Illinois Real Estate Journal: For which commercial sectors are you seeing the most financing requests? Why are those sectors so hot right now?   

Charleston: We are particularly active in the Affordable Housing, Market Rate Housing, Seniors Housing, and Manufactured Housing spaces right now. All of the most active multifamily spaces are seeing especially strong rental growth and investor demand due to their ongoing strength and performance both pre and post-pandemic. Agency lenders such as ourselves are also seeing a lot of activity around Affordable housing efforts in all markets nationwide.  Our clients are actively seeking acquisition and development activities given the strength of housing markets and the demand for both affordable and market-rate housing.

Tuohy: Over the past year a significant increase in the number of owner/operators and investors have opted to retire/sell and trade into class “A” and class “B” single tenant triple net 1031 exchange investments. Depending on the submarket and tenant mix, e-commerce and changing work/life demands continue to put pressure on retail strip centers and office properties resulting in accelerated vacancy making underwriting these properties a challenge. For exchange buyers, triple net class “A” and “B” retail single tenant is very strong with available product limited. This has compressed CAP rates in the low to 5% range.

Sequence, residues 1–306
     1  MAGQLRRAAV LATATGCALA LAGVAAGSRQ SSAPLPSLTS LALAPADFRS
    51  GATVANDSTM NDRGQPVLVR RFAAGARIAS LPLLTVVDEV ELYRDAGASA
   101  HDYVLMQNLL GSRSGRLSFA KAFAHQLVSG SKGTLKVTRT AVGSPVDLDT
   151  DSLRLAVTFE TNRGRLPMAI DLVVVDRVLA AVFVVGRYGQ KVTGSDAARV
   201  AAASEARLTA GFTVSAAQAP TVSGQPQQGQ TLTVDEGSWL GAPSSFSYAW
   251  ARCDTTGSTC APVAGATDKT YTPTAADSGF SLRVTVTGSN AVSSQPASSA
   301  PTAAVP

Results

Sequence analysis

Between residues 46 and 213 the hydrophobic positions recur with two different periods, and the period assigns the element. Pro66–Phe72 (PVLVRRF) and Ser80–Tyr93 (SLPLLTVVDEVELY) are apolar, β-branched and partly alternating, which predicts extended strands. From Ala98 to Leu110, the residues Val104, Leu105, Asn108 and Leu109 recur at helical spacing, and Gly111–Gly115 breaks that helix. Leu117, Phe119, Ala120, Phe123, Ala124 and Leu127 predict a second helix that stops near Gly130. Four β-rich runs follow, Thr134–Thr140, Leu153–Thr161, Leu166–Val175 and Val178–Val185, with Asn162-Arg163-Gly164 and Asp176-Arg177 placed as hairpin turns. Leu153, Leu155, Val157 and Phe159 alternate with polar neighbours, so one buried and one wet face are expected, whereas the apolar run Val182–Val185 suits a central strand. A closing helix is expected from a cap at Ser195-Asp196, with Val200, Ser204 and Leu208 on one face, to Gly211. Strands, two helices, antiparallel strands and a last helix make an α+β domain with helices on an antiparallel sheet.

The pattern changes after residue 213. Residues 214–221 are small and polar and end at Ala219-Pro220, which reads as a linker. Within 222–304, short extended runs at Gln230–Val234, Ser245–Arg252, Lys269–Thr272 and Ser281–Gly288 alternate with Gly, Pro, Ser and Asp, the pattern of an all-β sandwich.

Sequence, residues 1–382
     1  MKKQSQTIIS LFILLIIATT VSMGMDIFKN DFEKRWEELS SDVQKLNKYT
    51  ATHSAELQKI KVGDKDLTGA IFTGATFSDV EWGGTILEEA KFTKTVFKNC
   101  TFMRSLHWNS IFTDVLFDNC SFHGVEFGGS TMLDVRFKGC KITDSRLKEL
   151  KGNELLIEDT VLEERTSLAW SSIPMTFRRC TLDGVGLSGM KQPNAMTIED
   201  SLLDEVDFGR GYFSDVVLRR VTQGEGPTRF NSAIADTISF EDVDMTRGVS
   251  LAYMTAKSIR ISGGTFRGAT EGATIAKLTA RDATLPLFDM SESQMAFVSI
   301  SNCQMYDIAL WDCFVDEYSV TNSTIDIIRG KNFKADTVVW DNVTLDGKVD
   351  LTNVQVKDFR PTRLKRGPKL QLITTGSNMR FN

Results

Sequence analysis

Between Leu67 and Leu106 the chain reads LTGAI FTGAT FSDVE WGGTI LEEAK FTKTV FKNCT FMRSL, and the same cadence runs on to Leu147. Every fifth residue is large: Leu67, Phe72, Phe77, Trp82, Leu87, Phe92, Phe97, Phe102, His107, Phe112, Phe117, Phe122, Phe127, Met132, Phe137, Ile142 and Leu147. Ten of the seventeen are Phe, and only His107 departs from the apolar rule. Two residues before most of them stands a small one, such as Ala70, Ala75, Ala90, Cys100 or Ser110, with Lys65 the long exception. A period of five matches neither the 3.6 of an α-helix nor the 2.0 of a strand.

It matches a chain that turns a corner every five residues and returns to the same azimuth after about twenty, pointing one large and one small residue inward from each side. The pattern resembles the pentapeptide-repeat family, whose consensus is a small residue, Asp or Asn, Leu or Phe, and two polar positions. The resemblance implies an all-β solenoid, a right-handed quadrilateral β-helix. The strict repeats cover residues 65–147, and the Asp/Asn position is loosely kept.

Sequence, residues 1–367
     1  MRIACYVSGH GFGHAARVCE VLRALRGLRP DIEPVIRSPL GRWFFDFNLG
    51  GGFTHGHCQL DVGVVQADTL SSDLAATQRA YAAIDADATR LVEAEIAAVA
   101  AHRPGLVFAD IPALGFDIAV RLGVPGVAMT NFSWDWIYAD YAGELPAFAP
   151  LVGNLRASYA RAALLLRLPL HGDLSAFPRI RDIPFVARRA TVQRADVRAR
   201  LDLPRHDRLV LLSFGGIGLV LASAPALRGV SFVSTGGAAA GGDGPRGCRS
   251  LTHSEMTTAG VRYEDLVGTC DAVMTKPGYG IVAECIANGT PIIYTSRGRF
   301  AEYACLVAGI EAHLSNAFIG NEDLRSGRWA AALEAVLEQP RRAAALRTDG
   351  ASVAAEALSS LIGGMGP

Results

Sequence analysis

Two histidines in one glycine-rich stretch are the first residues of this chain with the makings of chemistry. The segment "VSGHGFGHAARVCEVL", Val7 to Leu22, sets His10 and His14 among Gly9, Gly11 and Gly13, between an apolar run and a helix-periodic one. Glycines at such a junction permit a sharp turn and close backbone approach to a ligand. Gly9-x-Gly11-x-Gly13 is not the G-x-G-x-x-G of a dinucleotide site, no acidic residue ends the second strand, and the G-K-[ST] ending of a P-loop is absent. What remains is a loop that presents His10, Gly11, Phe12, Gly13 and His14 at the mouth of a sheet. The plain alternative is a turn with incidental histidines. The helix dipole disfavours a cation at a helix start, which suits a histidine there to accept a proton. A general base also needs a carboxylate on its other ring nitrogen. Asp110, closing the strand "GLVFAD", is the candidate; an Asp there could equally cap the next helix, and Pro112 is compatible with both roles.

Illinois Real Estate Journal: What are investors so interested in investing in commercial real estate? What makes it such a safe investment type?   

Charleston: Investments in the multifamily space create both current cash flow and value-added growth opportunities for investors as owners/sponsors, and for investors in mortgages, overall returns have been outstanding with significantly less volatility and risk than other asset classes in the current market environment. In light of what’s happening in the stock and bond markets today, the more predictable nature of real estate returns, especially in multifamily assets, is becoming even more attractive.  Much of that has to do with the reality that the US needs millions of additional housing units to meet both current and future demand.  Well-managed assets can create excellent returns in those types of conditions.